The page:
Peter Hibberd, M.D., is a doctor whose advice is based on more than 28 years of hospital outpatient and inpatient experience. He is an experienced emergency medicine physician, surgeon, and consultant. Dr. Hibberd is certified by the American Board of Emergency Medicine. He is also a fellow and active member of the American Academy of Family Physicians, an active member of the American College of Emergency Physicians, and a member and fellow of the American Academy of Emergency Medicine. Dr. Hibberd has earned numerous national and international professional certifications, memberships, and awards.

Temporomandibular Dystonia

Tuesday, 13 September 2011 08:32 AM

Question: I have had temporomandibular dystonia for 20 years, and it is getting harder to live with. Has there been new research to help dystonia patients?
Dr. Hibberd's Answer:
Temporomandibular dystonia (involutary muscle contractions of the jaw) has various origins, and treatment is directed to the underlying cause. Sometimes the dystonia has no evident structural basis, and local injection of botulism toxin by your ear, nose, and throat (ENT) specialist or oral surgeon in conjunction with your neurologist has been tremendously helpful. I assume you have been completely evaluated by your ENT, oral surgeon, and neurologist for correctable conditions that are known to underlie forms of dystonia.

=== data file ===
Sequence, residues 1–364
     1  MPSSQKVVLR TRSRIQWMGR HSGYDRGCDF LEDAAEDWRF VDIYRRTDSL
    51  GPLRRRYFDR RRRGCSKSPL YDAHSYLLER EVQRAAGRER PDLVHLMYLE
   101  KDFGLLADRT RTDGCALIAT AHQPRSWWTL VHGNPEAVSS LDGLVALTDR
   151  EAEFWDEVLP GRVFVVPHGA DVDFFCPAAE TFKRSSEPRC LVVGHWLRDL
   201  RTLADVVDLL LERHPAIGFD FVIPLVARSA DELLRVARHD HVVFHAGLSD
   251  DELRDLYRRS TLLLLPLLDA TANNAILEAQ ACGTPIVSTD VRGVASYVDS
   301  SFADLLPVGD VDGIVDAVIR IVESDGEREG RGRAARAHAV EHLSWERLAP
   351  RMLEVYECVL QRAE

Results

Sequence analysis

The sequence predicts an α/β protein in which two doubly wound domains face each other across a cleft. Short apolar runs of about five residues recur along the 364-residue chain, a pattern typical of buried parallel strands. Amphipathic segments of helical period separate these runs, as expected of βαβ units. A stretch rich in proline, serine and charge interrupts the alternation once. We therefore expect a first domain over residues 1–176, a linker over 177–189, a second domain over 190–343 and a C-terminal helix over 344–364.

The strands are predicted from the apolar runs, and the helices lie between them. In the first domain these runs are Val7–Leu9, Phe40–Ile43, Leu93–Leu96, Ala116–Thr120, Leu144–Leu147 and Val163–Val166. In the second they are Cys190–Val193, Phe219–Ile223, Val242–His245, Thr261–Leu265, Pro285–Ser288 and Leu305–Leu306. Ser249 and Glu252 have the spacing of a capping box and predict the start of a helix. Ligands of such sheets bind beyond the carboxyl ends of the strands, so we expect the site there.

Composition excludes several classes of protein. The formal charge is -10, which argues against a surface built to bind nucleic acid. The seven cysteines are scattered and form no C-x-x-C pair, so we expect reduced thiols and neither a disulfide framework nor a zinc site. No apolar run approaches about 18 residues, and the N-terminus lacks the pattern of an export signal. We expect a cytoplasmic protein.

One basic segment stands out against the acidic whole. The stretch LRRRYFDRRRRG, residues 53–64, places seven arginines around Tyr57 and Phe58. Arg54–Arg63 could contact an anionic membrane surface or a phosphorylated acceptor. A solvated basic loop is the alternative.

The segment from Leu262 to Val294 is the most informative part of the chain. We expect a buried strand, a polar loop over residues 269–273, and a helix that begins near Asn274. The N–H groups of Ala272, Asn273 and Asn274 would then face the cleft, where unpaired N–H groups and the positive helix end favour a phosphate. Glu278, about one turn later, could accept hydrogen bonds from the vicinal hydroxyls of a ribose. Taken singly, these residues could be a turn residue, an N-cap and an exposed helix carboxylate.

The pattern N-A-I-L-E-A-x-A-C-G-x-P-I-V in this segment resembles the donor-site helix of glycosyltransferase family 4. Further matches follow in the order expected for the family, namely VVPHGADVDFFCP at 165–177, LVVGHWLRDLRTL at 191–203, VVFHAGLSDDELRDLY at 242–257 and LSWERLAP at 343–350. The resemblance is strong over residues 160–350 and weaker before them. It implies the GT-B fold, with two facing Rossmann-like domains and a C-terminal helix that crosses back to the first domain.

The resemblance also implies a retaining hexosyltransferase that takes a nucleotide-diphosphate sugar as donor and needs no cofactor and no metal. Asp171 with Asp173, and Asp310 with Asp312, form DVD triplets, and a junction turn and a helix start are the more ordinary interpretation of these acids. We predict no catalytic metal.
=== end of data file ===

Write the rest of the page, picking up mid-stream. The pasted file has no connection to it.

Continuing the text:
Common conditions that must be evaluated for when TMJ (temporomandibular joint disorder) dystonia recurs include electrolyte, infectious, or metabolic disorders; malocclusion and TMJ syndrome amenable to oral appliances available through prescription by your oral surgeon; disc displacement at the TMJ amenable to cure by discectomy by your ENT surgeon; or a demyelinating disorder (such as multiple sclerosis) or other neurological disorder.

As you can see, much help is available depending upon the details of your case. Many patients with recurrent idiopathic dystonia will be helped with oral medications that are usually prescribed by your neurologist in conjunction with your primary care physician.

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